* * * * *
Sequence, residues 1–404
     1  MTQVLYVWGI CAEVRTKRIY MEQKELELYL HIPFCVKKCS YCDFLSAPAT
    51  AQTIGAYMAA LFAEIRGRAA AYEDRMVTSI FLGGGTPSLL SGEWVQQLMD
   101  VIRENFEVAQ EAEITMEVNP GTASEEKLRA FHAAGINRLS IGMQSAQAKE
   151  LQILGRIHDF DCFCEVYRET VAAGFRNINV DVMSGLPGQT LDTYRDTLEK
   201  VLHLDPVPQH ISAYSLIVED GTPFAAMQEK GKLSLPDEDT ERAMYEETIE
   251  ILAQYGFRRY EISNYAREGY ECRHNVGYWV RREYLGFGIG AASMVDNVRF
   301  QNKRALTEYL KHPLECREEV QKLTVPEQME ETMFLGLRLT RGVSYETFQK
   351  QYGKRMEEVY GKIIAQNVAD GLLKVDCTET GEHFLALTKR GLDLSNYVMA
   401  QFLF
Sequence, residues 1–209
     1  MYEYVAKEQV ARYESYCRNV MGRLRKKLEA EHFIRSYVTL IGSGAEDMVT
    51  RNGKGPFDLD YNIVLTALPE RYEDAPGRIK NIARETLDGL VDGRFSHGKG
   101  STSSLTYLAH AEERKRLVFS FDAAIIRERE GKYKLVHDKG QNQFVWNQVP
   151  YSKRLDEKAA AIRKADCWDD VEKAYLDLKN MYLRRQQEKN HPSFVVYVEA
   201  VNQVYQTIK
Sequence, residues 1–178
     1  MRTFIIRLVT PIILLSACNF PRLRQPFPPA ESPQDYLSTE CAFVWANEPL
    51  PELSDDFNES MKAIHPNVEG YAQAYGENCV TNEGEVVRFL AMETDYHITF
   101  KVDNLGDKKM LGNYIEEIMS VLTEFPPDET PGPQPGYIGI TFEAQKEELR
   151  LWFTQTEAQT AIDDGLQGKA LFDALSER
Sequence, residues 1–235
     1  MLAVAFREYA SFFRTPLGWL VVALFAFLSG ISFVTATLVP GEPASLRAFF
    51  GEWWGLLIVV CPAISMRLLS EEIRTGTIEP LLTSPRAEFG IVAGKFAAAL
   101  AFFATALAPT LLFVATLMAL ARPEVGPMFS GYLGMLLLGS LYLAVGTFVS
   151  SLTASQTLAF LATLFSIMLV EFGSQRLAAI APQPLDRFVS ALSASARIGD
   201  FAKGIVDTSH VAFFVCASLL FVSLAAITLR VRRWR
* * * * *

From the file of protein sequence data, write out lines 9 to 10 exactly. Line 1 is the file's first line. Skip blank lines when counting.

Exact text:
   351  QYGKRMEEVY GKIIAQNVAD GLLKVDCTET GEHFLALTKR GLDLSNYVMA
   401  QFLF